How NOT to Read the Old Testament

  • Nathan Schneider
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I know today’s topic comes as quite a shock, considering how tightly I wrapped up last week and didn’t give any kind of hint that more on the Old Testament might come. But, here we are. Call me an Old Testament (from here on “OT”) advocate, an ambassador for the three-quarters of the Bible we tend to skip over when we open up the Holy Scriptures.

The reality is, even if we’re thoroughly convinced that the OT needs to be a priority, and that we’ve neglected it for far too long, there’s probably this nagging anxiety over trying to read it, study it, and understand it. It’s kind of like that room in your house that you put everything into that you don’t want out when company comes over, and after a while of using this room as the house’s “storage room,” it begins to accumulate junk to a point where you’re not entirely sure how it got this far out of hand, and now the mere thought of actually dealing with all of this leaves you curled up on the floor in a fetal position… No? That hasn’t happened to anyone else? Just me, I guess.

Well, the point of all this is that the OT can be intimidating. It’s big. It spans a considerable length of ancient history (from creation to the close of the OT canon around 400 B.C.). It was written over a period of a thousand years. It’s in a different language, reflects different cultures, and speaks of events which happened far back in the annuls of history. We all know that the only way to eat an elephant is one bite at a time, but those are big bites, and that’s a REALLY big elephant.

So how do you go from OT novice to OT student? I’m not saying you have to be an expert. There are actually very few of those, relatively speaking. But you can’t use that as an excuse to say, “Well, I guess I shouldn’t even try.” Instead, accept the challenge and make a game plan. And that’s where I come in. I’m like your OT tour guide, or your OT financial planner, helping you create a strategy that’s doable.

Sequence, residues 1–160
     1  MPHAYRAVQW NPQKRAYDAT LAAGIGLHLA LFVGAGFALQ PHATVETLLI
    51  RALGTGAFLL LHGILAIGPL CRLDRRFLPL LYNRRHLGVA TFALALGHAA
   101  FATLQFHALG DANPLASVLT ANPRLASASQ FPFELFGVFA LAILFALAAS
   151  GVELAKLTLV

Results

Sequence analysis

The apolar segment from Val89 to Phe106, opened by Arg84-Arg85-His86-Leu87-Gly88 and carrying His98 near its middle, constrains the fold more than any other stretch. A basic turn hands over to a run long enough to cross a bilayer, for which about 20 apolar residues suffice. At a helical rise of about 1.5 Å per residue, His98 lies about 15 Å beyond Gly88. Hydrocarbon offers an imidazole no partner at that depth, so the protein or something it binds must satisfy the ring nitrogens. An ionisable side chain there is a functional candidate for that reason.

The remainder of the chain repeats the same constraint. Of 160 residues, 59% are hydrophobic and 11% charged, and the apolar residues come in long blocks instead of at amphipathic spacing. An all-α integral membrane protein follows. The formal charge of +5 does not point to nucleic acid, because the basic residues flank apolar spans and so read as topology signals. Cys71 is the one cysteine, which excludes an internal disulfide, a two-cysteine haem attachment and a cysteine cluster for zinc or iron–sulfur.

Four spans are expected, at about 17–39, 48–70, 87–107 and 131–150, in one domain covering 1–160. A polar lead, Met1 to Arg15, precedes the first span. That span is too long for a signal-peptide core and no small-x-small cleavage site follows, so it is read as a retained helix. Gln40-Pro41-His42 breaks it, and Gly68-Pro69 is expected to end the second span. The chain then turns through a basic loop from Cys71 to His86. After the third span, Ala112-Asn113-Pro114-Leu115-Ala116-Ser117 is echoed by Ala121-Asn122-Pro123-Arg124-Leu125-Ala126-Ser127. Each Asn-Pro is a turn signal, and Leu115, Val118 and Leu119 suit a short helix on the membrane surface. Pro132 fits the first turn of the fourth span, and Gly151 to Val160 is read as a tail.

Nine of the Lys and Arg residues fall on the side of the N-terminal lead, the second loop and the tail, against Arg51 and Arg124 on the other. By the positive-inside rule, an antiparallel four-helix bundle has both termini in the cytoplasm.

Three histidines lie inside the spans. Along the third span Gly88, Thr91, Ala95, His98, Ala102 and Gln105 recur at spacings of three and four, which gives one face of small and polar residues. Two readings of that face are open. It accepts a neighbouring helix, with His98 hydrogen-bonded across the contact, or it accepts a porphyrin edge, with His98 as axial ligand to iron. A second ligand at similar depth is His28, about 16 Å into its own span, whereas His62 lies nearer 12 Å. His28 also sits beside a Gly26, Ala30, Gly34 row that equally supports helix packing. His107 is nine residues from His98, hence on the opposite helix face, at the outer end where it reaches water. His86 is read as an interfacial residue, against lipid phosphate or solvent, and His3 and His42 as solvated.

But before we talk about the RIGHT method to studying the OT, we need to talk about the WRONG methods. Just like going out into the unexplored backcountry, there are things you want to do and thing you don’t want to do to ensure you have a safe and fun adventure in the wilderness. Well, studying the OT is the same way, and once you begin to read the OT and read what others say about the OT, you’ll quickly discover that there are some traps and temptations out there that seem like a good way to go, but actually don’t lead to clarity.

So, with that all said, here are three common methods of studying the OT that you should know about and avoid as you gear up for your backcountry OT adventure.

METHOD #1: Looking for Christ behind every rock and every tree

Now, I can already hear you object to this. “I thought the OT was about Christ!”, you say. Well, it is! And Jesus even said it was. In fact, after his resurrection, when encountered two of his disciples walking along the road to Emmaeus and completely in the dark as to who he was and why the Messiah had to suffer and die, Jesus replied to them, “‘O foolish men and slow of heart to believe all that the prophets have spoken! Was it not necessary for the Christ to suffer these things and to enter into His glory?’ Then beginning with Moses and with all the prophets, He explained to them the things concerning Himself in all the Scriptures” (Luke 24:26–27).

There’s no doubting that the OT spoke of and anticipated Jesus Christ in his coming, his ministry, his suffering, and his rising from the dead. Paul echoes this when he wrote, “But now apart from the law the righteousness of God has been manifested, being witnesses by the Law and the Prophets, even the righteousness of God through faith in Jesus Christ for all those who believe” (Rom. 3:21–22). If you fail to see Jesus in the pages of the OT, you’ve missed the point of the OT! Robert Bergen wrote,

“The church can understand the significance of Jesus’ life only when it understands the legal system established in the Torah. New Testament presentations of Jesus as the ‘Lamb of God, who takes away the sin of the world’ (John 1:29, NIV) and Christ’s body as the curtain though which people must pass to enter the Most Holy Place (Heb. 10:19–20) indicate that the church is expected to interpret at least certain details of the Mosaic cultic law as “a shadow of the good things that are coming” in Christ (Heb. 10:1, NIV). The New Testament leaves no doubt that aspects of Israelite worship were divinely intended to be representative of realities found uniquely in the person of Christ” (Robert D. Bergen, “Preaching Old Testament Law,” in Reclaiming the Prophetic Mantle: Preaching the Old Testament Faithfully, ed. by George L. Klein [Nashville, TN: Broadman Press, 1992], 63).